The coronavirus pandemic is an extremely difficult time for organizations and their leadership who are trying to prioritize the health of their workforce whilst minimizing the impact on operations and revenue. As health authorities issue rapidly-changing guidance and leadership teams evaluate short-term strategy, Millennials and Gen-Z have skills and tendencies that are well-suited for navigating through these difficult decisions. Organizations should lean on them for opinions and guidance which in turn will reduce longer-term attrition.
Reducing contact with individuals is the authoritative advice offered by health organizations across the world during this pandemic and whilst not every worker has a job that allows them to work from home, those that can are largely encouraged to do so. Professionals have highlighted some of the struggles of implementing a work from home system, but even with a workforce willing to be flexible in these circumstances, some organizations are insisting on keeping the office open, even when the rest of the building is closed.
Millennials and Gen-Z crave flexibility in the workplace and whilst this is an extreme situation, their insight and views can help leaders successfully implement work-from-home solutions, especially where there is no existing policy. This is an opportunity to poll your most independent workers, across generations, to discuss aspects of their job that can be done remotely and share potential solutions. Technology companies are offering enhanced access to their products and there are many affordable options out there to foster collaborative work. Be open to encouraging the same office culture remotely and be honest on concepts and technologies that you do not understand. This is a great chance to see and develop new skills in your team that will be useful in the long-run and create future leaders of your organization, especially by leaning on Millennials and Gen-Z.
This could also be an opportunity for organizational transformation. The recent experience of a group of Millennials who work at a global consulting firm highlighted this, when leadership stalled on whether to allow staff to leave the city at the start of the pandemic — even though they were fully committed to their work. Whilst the initial phases of this dialogue were somewhat chaotic, this group spoke up and enabled a change in mindset — highlighting that the people looking to depart would get a sense of safety but would remain accountable should they have to come back to the city for a client emergency. Events have turned to being fully remote, and employees now feel a deeper sense of loyalty to the organization and are more willing to be flexible because management demonstrated trust in their work .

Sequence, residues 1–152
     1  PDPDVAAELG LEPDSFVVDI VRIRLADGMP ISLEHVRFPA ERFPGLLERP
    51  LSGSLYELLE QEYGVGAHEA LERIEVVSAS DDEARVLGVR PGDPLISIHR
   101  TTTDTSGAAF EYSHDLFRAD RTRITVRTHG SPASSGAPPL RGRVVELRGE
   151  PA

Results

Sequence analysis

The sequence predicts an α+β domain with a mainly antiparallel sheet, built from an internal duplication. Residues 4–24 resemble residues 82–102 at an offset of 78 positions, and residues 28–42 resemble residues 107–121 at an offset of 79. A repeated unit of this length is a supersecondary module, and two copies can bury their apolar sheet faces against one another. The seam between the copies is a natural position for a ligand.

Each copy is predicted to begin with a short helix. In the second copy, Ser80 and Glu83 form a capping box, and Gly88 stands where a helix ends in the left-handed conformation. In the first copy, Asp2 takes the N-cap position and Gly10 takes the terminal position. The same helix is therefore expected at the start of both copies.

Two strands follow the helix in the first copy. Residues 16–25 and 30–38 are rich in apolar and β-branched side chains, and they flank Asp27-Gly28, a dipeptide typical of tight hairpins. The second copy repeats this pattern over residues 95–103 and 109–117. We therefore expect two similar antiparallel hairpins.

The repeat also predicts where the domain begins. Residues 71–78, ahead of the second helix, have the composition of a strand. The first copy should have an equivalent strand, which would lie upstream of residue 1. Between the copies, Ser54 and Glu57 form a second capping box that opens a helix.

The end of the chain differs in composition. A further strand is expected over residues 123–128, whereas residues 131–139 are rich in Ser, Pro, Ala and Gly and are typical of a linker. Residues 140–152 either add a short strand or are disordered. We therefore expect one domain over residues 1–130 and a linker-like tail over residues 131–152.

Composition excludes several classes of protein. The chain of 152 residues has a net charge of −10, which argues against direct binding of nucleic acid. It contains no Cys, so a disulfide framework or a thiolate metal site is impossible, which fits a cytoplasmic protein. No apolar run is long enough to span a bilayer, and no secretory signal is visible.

Millennials and Gen-Z are mobile and willing to take new opportunities, regardless of the situation. Promoting accessibility and openness during a difficult time will prevent them from job hunting on the extra downtime they have. Poor decisions are magnified in times like these, and their comfort with technology allows them to interview quickly — something prospective employers could take advantage of.
What extra steps could leadership be taking and cognisant of in the current changing times that leans on the skills of their Millennial and Gen-Z talent pool?
There are many challenges around the coronavirus pandemic and high-level issues that require a lot of thought and attention. However, during this time of uncertainty, an organization’s reactions shine a spotlight on the deeper issues and connection workers feel — if there is little direction or trust, Millennials will not stay. The Millennial workforce is already mobile and with that can bring positives to an organization during difficult times. Now is the time to capitalize on fresh thinking and new ideas and not inadvertently leave the door open for your best employees to leave.